A pessimistic Christopher Mims wrote in 2011 that apps “will soon be dead.” 5 years later it’s become obvious he may have called it wrong:

Mobile continues to enjoy ever increasing share of internet usage: 51% of total in 2015

Mobile browsing share

Source: KPCB

And in the same year, 90% of time on mobile was spent in apps:

Mobile app share

Source: SmartInsights

This majority share doesn’t suggest death at all; rather evolution. As consumers becomes more discerning, apps that make fart sounds or show pictures of cats are forced aside to pave the way for those offering refined alternatives to processes that are clunky on mobile web browsers.

So, what were the big steps in this process?

1: Apps became integrated into other apps

Another article on Business 2 Community explores apps from a slightly different viewpoint to this one, but it makes a good point about integration being a saving grace of apps. The author notes that “Facebook is focused on building Messenger into a full-fledged e-commerce platform”, and that “they plan on integrating other apps into Messenger to make your buying experience seamless and based on the context of your conversation.”

The example he gives sees a Facebook user chatting to their friend about meeting for drinks in town. The Messenger app detects the content of the conversation and recommends they use Uber to book a cab: a minority may think this Orwellian, but the majority will take kindly to the integration which, ultimately, makes their lives easier.

The scope for integration is endless too: other transport booking apps could be just as legitimately recommended as Uber in the example above (booking flights and trains, for example); restaurant apps could link through to dieting apps to provide nutritional information, and so on.

2: Apps got location-specific functionality

Geo-fencing was introduced in iOS 5 back in 2012, and it gives app developers the opportunity to alter app functionality based on the user’s location. The official app for Camden Market in London uses this feature to remind users when they’re in the area and give location specific prompts, encouraging multiple uses after download when relevant.

Anthony Main, MD of the app development agency who created the Camden Market app, explains that “geo-fencing can be used to trigger a prompt (and even fire up the app) when the user enters a specific area” – this location specific functionality is a big factor in preventing an app from lingering in the dustbin.

And many apps do linger: retention rates are one of the biggest challenges apps face. Keeping users interested in an app is difficult, especially if it is outside their current usage habits. Contextual reminders triggered by location are less annoying and more helpful than endless push notifications, so Geo-fencing and similar features are a vital consideration of app design.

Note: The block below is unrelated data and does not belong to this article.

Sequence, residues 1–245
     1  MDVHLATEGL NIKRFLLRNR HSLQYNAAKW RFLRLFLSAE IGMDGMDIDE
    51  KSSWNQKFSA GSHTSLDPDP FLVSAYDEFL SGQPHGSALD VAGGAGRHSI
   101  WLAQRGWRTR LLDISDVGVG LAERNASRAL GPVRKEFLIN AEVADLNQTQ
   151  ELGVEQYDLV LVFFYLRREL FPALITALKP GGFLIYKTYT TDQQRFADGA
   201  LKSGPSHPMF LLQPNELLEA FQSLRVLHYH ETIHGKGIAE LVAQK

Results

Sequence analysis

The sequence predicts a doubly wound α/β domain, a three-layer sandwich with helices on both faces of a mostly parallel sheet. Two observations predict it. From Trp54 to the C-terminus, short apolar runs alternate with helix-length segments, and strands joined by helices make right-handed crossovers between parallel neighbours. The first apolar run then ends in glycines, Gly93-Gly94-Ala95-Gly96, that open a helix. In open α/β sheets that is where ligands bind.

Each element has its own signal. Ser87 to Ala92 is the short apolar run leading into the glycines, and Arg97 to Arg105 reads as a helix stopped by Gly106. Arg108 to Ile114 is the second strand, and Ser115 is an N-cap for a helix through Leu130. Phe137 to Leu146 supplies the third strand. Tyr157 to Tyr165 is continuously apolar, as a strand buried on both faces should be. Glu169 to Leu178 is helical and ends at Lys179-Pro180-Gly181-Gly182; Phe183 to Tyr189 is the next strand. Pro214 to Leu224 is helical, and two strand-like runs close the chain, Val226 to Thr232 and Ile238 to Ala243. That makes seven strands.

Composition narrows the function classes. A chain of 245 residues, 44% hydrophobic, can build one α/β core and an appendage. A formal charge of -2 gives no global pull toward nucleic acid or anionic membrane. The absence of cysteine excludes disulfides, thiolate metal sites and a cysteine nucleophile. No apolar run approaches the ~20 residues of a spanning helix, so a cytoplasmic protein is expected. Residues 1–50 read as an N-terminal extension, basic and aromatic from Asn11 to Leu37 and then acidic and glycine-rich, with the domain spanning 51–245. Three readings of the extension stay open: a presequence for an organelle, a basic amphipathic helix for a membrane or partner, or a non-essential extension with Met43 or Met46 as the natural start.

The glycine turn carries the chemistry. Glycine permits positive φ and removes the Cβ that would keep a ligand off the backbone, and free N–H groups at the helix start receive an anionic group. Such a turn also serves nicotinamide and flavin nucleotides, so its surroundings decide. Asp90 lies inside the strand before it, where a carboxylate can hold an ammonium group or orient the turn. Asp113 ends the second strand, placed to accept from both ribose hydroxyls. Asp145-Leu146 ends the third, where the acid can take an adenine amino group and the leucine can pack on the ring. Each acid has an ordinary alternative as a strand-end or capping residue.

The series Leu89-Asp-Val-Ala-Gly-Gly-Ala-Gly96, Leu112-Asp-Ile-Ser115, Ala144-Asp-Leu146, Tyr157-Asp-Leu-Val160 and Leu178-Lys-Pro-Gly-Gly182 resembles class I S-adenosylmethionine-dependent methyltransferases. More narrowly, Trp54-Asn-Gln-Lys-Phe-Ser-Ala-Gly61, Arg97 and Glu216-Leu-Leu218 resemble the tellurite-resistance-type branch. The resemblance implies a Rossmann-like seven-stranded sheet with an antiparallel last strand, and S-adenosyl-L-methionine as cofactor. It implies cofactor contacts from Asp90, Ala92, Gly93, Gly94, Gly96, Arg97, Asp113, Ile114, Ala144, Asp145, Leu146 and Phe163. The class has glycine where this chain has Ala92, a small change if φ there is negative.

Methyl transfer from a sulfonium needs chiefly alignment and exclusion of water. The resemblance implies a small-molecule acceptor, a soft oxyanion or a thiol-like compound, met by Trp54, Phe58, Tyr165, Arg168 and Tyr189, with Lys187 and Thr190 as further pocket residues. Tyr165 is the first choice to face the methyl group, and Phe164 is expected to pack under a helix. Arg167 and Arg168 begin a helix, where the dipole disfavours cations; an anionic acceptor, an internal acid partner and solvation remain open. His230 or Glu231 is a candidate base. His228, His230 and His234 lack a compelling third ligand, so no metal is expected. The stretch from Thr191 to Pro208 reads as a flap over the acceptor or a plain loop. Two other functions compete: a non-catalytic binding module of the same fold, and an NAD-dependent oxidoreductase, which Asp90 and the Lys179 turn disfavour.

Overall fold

3: Apps became strong enough to underpin a business

It’s not unusual nowadays to see a small business using a tablet running a point of sale (POS) app like Shopkeep or Vend to process transactions, instead of a traditional till. Some establishments (although admittedly fewer) have switched to accepting just card payment.

This functionality is a boon to business owners, especially those of the younger tech-savvy generation, as they no longer need to expend time and expense getting, and getting used to, clunky and bespoke software.

It’s not just POS apps that are used, either: Epicuri allows restaurants to process orders and bookings, Inventory Now lets business owners keep track of their stock levels, and Xero lets them manage receipts, invoices and expenses. Having all of these tools at the tough of your fingertips goes a long way to increasing the credibility of apps.

4: Apps overtook responsive design for certain tasks

Try booking a train through a mobile web browser and it quickly becomes fiddly: you have to pinch to zoom, type in multiple different fields, and browse through large lists of results before you can fulfill your intended purpose.

Head over to a train company’s app, though, and the process quickly becomes much more refined. This is a great example of how apps should behave: they should make processes that don’t lend themselves to phone browsing that little bit easier.

In the ideal scenario responsive design and apps would both be part of a website’s solution for mobile browsers but, in practical terms, sometimes one option must be chosen over the other. An app is a quicker and more tangible outcome.

5: App design standards began to establish themselves

When apps were novel there were no set guidelines or user expectations on how they should behave, meaning that there was wild variation between them. Over the years and as people began to form expectations on which behaviors apps should conform to, this began to settle down.

Then Google created their Material Design guidelines which attempted to formalize this even more. The guidelines include aesthetic principles relating to colour, shape and text, and standardized gestures like swiping down to refresh. Google describes these as “a visual language for our users that synthesizes the classic principles of good design with the innovation and possibility of technology and science”.

Another excellent step in the progression of apps.

In short, the proliferation of apps that accompanied the “there’s an app for that” mantra has been rightly curtailed, leaving in its wake an increasingly refined and sophisticated suite of apps designed for specific desired functions, based around increasingly centralized design principles. The industry is a hotbed of innovation, so let’s hope this trajectory continues